November 7-13, 2022: Poetry from Brian Builta and Ruth Chad

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Brian Builta

Brian Builta lives in Arlington, Texas, and works at Texas Wesleyan University in Fort Worth. His work has been recently published or is forthcoming in Jabberwock Review, Juke Joint Magazine, South Florida Poetry Journal, New Ohio Review and TriQuarterly.

The following work is Copyright © 2022, and owned by Brian Builta and may not be distributed or reprinted in any form whatsoever without written permission from the author.

My Life as a Duck

Naked and handcuffed to the brothel
Chris didn’t make a great candidate.
Strange brothers we fill our faith with.

When I woke up toilet-papered with a starfish
duct-taped to my left hand, business
seemed like a silly major.

Cyril attended mass that morning.
I kept mopping the dining room floor
with dirty astronaut pisstube water.

What I loved about Ernest was how a fifth
of Wild Turkey made him four-fifths happy.
Someone had to live simple as a stone.

Of course he died after he was fired.
We spent weeks burning cedar in a barrel.
Juniper smoke seemed important in the dark.

When they threw me through the plate glass window
it did not feel like a breakthrough.
Ernest said Tiger Balm would heal everything.

When the stripper sat down to cry,
leaning her sweaty head on my shoulder,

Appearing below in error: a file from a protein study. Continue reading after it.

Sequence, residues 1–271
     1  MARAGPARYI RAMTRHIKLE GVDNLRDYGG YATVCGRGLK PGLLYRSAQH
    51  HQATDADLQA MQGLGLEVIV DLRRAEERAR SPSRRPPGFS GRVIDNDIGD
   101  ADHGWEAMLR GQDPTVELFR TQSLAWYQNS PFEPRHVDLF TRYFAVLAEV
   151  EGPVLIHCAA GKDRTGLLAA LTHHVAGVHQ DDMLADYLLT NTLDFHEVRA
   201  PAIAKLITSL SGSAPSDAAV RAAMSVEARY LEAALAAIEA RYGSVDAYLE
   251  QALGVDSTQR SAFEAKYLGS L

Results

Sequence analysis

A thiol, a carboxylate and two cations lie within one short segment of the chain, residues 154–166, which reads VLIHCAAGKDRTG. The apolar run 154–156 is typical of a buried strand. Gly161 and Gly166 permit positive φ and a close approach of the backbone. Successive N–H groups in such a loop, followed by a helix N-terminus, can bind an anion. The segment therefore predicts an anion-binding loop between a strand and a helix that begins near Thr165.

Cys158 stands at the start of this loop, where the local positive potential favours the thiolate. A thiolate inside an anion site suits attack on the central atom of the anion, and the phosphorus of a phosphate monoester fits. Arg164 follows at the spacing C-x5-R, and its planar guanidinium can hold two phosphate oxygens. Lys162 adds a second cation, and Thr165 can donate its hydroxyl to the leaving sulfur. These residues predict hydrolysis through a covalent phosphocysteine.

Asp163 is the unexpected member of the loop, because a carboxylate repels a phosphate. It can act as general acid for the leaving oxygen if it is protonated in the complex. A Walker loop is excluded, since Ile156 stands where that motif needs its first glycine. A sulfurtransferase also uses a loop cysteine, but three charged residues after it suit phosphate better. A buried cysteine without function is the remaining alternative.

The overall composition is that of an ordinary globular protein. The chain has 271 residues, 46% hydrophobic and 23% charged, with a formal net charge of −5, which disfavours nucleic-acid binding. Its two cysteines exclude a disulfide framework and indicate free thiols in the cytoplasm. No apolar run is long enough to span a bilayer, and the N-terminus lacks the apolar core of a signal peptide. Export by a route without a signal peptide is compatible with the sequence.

I knew it was time to head north again.

Ruth Chad

Ruth Chad is a psychologist who lives and works in the Boston area.  Her poems have appeared in the Aurorean, Bagels with the Bards, Connection, Psychoanalytic Couple and Family Institute of New England, Constellations, Ibbetson Street, Montreal Poems, Muddy River Poetry Review, Lily Poetry Review, Amethyst Poetry Review and several others. Her chapbook, The Sound of Angels was published by Cervena Barva Press in 2017. Ruth was nominated for a Pushcart prize in 2021.

The following work is Copyright © 2022, and owned by Ruth Chad and may not be distributed or reprinted in any form whatsoever without written permission from the author.

On Rio Grande Beach After My Mother’s Death

We are tilting into the wind
my shadow and my mother’s merged

Driftwood petrified     gleaming white
in withering light

A lightning crab
dead on the sand

A deposit of whelk
picked through by ibis

What am I searching for?
My mother is in me

I raise my voice to the wind
I can speak     but she can’t hear


~


The crimson-lipped leaves
of a sea grape     opening into briny morning

My mother’s glow
in the sheen of an iridescent shell

A red salamander     bright black spots lining its back
would have made my mother laugh

We are tilting into the wind
my shadow and my mother’s merged

A long stick of bamboo     rotting
wound around with foam and kelp

The molted skin
of a snake

A sea star     dead
yet the flesh seems so alive

 

My mother’s smile in the curve
of a clam’s mouth

We are tilting into the wind
my shadow lengthening     my mother’s     gone

Days
Hours
Minutes
Seconds

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